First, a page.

New York Yankees pitcher David Wells's claim he was misquoted in his autobiography lands him in elite company. The bombastic Yankees starter joins former NBA star Charles Barkley as possibly the only two sports figures claiming misquotation in books under their own bylines.
Copies of Mr. Wells's book, Perfect I'm Not! Boomer on Beer, Brawls, Backaches & Baseball, began arriving in New YorkÐarea bookstores on March 7. Mr. Wells and co-author Chris Kreski wrote that the hurler was "half-drunk" when he pitched a perfect game in 1998, drawing the ire of the Yankees organization. Later Mr. Wells said he was not "half-drunk" as he and Mr. Kreski claimed. The book also discusses steroid and amphetamine use in the major leagues and makes unfavorable statements about some teammates.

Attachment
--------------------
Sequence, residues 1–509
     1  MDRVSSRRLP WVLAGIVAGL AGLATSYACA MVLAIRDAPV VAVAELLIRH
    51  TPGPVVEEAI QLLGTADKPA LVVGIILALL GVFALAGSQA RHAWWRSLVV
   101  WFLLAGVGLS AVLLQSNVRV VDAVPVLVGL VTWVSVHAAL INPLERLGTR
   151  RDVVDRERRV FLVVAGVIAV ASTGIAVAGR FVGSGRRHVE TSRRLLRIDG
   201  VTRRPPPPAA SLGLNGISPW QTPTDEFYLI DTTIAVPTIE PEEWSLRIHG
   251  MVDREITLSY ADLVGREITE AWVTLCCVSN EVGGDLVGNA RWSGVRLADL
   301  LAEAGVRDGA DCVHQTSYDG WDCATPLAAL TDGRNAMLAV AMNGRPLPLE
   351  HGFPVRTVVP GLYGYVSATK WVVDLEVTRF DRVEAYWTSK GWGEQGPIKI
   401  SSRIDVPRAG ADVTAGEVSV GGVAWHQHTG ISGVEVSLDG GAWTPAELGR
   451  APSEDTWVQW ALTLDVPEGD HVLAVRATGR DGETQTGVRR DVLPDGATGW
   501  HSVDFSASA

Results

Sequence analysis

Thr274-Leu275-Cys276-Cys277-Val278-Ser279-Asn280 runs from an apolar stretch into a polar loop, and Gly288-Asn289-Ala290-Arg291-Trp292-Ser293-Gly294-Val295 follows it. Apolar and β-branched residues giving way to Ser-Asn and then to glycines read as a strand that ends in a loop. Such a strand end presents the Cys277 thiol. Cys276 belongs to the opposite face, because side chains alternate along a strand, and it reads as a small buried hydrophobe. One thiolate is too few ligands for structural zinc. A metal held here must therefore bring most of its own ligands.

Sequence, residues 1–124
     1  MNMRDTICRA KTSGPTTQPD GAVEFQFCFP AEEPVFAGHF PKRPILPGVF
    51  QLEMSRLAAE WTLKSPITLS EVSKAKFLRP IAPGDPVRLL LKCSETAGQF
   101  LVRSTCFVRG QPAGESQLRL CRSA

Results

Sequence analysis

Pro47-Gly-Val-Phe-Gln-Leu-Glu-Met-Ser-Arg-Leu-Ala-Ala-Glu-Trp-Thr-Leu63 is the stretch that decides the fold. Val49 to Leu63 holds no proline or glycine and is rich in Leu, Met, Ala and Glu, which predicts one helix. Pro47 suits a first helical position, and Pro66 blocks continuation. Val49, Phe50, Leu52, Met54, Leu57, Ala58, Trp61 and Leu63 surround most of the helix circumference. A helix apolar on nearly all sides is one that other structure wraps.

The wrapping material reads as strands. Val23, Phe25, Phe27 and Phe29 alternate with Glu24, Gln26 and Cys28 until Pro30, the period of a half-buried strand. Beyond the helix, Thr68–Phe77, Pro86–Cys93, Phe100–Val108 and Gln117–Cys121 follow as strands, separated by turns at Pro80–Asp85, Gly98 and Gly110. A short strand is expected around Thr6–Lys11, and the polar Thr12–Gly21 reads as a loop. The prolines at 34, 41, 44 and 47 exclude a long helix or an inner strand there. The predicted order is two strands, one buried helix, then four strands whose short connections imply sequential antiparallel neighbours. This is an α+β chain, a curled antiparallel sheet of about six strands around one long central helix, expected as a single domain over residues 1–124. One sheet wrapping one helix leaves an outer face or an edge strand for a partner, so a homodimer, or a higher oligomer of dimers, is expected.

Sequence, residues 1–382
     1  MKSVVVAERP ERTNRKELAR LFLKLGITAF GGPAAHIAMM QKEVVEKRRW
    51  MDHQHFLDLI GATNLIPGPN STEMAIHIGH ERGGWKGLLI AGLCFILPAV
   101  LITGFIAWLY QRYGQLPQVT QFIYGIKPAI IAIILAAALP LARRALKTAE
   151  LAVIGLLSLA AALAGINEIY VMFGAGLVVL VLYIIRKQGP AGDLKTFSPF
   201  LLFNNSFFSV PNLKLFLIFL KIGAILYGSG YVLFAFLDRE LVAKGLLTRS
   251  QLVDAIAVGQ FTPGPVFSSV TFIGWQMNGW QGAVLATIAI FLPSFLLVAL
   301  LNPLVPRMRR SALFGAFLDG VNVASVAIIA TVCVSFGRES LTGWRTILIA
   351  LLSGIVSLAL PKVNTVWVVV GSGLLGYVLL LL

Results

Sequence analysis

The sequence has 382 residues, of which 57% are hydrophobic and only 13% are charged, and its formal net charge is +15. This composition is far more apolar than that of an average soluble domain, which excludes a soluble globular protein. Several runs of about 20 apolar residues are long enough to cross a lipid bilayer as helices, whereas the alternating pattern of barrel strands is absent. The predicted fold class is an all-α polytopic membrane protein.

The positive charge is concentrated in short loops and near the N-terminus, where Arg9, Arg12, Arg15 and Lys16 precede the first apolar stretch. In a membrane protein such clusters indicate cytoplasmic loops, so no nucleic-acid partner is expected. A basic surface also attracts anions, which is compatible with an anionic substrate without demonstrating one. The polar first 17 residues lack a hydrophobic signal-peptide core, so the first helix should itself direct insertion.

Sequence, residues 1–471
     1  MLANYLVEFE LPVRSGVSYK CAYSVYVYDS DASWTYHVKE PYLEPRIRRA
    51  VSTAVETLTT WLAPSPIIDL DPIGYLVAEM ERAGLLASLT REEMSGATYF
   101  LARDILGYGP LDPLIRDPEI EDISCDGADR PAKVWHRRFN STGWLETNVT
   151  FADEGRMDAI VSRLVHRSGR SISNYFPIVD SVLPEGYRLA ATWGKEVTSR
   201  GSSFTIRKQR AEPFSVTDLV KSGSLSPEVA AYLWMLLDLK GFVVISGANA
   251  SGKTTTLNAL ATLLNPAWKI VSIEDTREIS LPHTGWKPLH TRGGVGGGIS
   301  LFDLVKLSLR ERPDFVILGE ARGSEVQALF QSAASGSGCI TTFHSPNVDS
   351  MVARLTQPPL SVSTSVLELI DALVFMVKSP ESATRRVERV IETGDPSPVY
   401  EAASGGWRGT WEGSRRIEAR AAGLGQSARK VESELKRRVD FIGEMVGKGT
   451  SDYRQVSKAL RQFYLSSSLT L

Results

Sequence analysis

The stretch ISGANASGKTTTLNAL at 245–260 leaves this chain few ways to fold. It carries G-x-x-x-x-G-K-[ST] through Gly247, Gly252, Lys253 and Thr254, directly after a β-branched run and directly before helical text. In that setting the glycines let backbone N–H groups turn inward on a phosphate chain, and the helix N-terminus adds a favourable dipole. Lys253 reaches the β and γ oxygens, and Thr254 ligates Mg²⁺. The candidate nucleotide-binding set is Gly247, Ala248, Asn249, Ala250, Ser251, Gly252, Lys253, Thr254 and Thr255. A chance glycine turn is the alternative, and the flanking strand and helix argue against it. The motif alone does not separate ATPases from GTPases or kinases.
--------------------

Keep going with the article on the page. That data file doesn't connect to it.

Now the 240-pound righthander will start the 2003 season about $100,000 lighter. The Yankees fined Mr. Wells, saying the book tarnished the club's reputation. Mr. Wells's reputation as a punch line has taken off like one of his tall tales.
The book has spawned jokes in newspaper columns from Phoenix to Chicago. One zinger from Chicago Tribune columnist Mike Downey: "Wells now claims 'he didn't read the final draft.' ... Boomer's idea of a final draft is apparently a last glass of Budweiser."
The only question now is whether the autobiography will appear on fiction or nonfiction racks.